But she doesn't believe Tom when he tells her she's beautiful. And so her manufactured love is worthless, in the end.

does it make you happy?

He runs, as she knew he would. Runs back home to his parents, to the news that lovely Cecilia ran off to be a nun in some convent in France, to the rumors still flying about that curious Merope Gaunt. He will never be able to escape her influence, and there is some comfort in that.

She did not tell him that she is pregnant. She had the opportunity, and she is sure that he would have stayed with her had he known, simply because Tom is respectable and that's what respectable gentlemen do, but he doesn't love her and if he can't lie and think she's lovely then maybe she doesn't love him after all.

She was always in love with a fantasy of him, with the idea of a happy family and an adoring husband who loves her cooking and misses her when she's gone, but that was never Tom Riddle. At least she can be satisfied that no one will want him now that he's sullied himself with her.

It isn't until she realizes just how little money she has that she begins to panic. She decides to move to London, in the vague hope that she will be able to find a job somewhere there, and wonders why she doesn't get rid of this problem the way she did the past three. The train she takes is cold and empty, an early morning train bound for the city. She sits by the window and thinks that maybe she is a romantic, after all.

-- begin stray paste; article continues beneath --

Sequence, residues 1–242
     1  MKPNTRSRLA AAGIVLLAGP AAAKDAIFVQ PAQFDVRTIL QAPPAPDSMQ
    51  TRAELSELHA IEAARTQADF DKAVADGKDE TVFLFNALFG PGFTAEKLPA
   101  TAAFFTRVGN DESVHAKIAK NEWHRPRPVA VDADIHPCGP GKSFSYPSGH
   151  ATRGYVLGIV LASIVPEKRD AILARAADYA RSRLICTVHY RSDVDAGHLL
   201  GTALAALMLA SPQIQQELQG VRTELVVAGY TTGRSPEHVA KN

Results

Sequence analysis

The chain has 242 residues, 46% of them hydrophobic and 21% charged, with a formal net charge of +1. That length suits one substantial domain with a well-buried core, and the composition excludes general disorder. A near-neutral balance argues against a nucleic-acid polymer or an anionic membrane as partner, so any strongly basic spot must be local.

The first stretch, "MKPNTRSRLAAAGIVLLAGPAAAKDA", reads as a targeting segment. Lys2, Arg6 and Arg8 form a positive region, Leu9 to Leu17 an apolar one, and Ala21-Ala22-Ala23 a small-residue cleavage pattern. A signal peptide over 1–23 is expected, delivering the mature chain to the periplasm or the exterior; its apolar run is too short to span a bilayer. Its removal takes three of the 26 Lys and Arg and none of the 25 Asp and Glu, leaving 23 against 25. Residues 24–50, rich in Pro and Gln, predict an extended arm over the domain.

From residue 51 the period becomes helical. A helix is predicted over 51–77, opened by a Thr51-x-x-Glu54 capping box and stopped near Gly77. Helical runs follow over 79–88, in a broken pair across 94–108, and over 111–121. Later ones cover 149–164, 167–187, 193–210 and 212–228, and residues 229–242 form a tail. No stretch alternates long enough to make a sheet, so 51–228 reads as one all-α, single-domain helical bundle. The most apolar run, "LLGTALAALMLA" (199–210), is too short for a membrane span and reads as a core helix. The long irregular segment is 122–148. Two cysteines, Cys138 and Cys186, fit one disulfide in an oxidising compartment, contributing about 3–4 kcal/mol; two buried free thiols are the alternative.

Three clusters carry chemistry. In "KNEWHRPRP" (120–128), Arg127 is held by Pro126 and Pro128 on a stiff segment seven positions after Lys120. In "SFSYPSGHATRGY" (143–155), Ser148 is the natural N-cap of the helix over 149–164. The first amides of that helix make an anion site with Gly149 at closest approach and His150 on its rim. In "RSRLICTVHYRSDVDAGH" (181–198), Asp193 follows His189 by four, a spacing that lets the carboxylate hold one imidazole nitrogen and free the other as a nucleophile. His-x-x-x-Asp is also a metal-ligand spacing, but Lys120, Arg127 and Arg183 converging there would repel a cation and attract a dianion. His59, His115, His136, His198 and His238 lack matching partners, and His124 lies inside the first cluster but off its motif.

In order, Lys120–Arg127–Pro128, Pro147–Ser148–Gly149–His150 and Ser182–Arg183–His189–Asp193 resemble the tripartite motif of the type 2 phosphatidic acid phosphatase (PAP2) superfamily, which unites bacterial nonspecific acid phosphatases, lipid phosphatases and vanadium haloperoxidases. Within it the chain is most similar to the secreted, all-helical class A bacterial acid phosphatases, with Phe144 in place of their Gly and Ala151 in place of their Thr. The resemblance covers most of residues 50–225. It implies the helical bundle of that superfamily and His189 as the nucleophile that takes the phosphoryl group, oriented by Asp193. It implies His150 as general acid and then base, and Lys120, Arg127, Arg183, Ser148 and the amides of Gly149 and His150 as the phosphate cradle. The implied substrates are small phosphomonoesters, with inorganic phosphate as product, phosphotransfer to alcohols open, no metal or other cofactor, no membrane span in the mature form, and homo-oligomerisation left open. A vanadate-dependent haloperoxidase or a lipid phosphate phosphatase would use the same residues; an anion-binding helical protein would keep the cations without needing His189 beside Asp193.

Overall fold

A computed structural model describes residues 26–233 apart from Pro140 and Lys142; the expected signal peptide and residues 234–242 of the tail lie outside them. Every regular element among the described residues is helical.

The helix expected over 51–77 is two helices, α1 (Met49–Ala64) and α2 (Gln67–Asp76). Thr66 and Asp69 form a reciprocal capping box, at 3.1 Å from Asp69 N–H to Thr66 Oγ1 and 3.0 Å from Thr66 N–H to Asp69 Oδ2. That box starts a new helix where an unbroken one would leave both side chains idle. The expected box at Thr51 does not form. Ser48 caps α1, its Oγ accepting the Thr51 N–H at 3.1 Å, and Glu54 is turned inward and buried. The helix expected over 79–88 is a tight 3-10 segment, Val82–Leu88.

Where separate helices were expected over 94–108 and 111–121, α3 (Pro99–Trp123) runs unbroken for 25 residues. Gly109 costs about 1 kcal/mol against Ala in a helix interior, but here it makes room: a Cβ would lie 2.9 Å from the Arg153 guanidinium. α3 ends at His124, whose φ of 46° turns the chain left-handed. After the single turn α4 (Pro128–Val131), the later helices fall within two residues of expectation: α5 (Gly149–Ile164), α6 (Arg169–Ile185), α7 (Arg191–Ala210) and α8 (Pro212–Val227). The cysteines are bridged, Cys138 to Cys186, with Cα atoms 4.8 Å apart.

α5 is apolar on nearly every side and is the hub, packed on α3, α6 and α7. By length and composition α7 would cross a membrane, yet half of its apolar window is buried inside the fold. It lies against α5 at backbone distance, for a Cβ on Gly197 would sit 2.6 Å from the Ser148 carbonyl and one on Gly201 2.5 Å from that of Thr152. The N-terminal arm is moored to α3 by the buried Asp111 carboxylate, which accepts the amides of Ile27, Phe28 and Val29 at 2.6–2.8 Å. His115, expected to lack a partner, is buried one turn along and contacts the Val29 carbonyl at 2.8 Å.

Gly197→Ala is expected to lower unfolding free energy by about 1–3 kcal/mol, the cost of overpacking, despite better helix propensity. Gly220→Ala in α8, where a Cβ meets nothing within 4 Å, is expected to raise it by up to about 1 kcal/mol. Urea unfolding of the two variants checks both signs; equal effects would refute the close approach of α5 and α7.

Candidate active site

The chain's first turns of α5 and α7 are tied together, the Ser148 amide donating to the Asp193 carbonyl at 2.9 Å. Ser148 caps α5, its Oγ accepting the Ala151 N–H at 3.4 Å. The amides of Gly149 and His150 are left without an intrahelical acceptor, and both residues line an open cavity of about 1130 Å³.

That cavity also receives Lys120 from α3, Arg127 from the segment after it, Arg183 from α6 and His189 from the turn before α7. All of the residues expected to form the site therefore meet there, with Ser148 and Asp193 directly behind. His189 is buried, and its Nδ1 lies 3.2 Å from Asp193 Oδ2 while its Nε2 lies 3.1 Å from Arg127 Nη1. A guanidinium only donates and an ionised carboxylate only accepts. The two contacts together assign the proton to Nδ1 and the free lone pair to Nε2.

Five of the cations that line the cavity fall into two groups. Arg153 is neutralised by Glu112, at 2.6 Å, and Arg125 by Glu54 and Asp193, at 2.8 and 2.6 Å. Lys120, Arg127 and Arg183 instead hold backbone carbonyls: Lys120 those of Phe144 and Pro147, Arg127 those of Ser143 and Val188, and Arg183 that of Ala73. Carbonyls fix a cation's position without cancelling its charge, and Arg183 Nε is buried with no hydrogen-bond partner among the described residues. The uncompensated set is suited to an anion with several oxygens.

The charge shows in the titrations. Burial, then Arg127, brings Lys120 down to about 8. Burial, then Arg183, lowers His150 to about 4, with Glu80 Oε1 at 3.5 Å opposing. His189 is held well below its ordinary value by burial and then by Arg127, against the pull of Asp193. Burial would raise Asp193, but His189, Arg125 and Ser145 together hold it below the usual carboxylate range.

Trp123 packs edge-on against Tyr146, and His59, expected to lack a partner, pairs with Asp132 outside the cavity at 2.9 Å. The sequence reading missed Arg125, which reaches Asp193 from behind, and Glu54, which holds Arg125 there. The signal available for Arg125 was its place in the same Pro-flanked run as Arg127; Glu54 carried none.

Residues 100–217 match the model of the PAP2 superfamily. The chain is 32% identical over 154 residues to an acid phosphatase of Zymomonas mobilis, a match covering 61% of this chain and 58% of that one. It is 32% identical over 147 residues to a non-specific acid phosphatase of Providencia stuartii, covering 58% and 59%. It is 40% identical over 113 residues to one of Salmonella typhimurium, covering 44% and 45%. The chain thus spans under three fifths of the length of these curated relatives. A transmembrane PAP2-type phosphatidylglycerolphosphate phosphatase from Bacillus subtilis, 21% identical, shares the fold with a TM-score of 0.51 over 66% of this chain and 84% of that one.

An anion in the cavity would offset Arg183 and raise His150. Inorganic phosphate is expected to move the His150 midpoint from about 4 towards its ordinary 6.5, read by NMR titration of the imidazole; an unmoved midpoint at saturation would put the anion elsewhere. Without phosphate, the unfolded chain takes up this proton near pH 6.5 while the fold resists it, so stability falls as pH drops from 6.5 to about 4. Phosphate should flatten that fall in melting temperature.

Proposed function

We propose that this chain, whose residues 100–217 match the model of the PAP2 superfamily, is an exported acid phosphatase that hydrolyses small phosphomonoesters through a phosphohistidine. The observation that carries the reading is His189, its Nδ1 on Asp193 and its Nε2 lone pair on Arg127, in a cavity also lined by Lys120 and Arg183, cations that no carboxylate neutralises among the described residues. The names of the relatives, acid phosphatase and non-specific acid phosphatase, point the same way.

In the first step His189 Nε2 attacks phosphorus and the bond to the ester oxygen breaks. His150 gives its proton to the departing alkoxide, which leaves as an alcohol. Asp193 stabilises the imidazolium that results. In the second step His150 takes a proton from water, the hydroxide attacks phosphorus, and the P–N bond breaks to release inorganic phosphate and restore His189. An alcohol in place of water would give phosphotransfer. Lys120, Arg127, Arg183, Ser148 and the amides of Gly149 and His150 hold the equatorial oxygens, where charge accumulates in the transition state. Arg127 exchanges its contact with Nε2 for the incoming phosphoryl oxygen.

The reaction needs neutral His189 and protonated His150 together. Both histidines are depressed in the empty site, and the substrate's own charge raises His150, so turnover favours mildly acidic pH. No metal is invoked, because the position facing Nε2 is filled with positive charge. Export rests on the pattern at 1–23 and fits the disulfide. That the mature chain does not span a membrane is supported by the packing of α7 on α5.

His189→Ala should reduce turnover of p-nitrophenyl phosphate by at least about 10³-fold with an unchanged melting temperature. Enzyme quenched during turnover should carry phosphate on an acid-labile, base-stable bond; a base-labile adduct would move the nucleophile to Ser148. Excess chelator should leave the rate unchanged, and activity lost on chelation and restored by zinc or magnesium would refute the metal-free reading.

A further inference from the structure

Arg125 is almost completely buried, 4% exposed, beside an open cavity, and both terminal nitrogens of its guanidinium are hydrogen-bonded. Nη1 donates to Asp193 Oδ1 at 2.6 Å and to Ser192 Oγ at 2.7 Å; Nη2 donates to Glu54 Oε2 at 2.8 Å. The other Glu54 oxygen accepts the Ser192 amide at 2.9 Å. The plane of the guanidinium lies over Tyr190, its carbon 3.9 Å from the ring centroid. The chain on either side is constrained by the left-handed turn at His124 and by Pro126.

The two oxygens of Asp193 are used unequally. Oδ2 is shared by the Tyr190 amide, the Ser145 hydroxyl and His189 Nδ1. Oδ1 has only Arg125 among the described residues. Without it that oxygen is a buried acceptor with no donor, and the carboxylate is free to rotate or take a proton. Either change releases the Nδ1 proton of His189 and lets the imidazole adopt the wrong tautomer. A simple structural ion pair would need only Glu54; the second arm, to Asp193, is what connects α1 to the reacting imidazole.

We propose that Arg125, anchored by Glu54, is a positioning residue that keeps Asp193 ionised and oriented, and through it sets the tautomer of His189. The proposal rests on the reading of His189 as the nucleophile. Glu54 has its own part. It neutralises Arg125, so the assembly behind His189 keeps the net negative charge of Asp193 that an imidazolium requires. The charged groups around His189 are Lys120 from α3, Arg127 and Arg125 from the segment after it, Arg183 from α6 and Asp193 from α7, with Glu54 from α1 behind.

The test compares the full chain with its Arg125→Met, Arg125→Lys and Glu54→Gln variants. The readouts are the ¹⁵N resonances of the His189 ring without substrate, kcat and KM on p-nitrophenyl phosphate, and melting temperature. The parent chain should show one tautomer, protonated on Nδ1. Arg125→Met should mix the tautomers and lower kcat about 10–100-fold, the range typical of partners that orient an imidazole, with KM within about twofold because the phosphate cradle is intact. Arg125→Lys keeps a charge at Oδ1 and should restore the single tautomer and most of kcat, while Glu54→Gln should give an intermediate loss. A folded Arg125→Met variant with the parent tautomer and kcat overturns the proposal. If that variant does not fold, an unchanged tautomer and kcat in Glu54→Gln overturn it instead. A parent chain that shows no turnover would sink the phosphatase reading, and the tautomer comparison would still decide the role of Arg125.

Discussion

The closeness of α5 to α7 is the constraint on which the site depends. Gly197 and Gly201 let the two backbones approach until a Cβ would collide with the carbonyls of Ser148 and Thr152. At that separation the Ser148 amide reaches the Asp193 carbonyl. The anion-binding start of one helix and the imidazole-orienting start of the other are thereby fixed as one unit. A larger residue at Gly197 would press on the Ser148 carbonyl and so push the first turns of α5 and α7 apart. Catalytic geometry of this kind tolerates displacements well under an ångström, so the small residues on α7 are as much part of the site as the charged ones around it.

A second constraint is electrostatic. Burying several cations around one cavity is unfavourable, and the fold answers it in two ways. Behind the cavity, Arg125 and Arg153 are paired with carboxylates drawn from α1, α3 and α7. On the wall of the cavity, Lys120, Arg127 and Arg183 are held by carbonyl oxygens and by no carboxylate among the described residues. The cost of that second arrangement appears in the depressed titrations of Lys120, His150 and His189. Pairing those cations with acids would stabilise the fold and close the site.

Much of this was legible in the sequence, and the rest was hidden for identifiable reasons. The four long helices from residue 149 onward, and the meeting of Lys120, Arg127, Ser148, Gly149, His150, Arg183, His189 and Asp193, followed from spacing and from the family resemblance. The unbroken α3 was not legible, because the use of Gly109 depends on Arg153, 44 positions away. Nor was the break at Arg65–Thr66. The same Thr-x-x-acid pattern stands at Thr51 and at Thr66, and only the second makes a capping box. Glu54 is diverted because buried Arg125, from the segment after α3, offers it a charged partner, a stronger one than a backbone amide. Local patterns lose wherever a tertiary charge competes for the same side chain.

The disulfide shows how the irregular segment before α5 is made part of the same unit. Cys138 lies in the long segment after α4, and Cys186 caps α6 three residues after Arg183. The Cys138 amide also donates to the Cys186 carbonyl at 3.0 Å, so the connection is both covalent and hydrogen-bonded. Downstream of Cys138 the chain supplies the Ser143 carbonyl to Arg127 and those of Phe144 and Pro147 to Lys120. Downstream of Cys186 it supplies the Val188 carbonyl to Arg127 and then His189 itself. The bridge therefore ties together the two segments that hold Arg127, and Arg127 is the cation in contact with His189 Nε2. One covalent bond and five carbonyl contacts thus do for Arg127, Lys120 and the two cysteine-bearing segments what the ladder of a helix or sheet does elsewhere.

The baby - she doesn't care for babies. She's seen them a few times in passing, and they disgust her. They are ugly and fat and disgusting. She doesn't believe in love, cannot understand this rush of motherly affection she's supposed to feel when she sees them. But at the same time, she intends to raise this one.

She lays a hand over her abdomen, almost protectively. There isn't any outward indication of pregnancy yet, but she feels fragile, and strangely, not alone. There's a faint comfort in knowing that there is something inside of her other than herself.

The train rattles on the track and shakes her out of her reverie. She will love this baby, she thinks. And it will love her back, without the aid of potions and secrets. She will have a child who will think the world of her and she'll tell him that his father went off to war and never came back and that's why he's gone, and this baby, this baby will change everything.

She doesn't realize she's crying until the conductor asks her what's wrong.

"Nothing," she whispers, "Only, my husband was killed in the war."

The conductor gives her sympathy and tells her that he won't charge her for the train ride. Just as well, she thinks, because she didn't have the money anyway.

- secrets flame

The apartment is ratty and old and disgusting, even worse than the miserable Gaunt house, but blessedly empty. It costs an awful lot per month to rent, but she sold all of her potions ingredients and her cauldron and her scales, and the money should last her at least a few months, until she can settle into a job and start working for herself.

But winter is coming, and no one wants to hire a 20-year-old woman with no skills and a baby on the way. She burns newspapers for heat and eats whatever she can get her hands on, wondering when, if ever, this will end.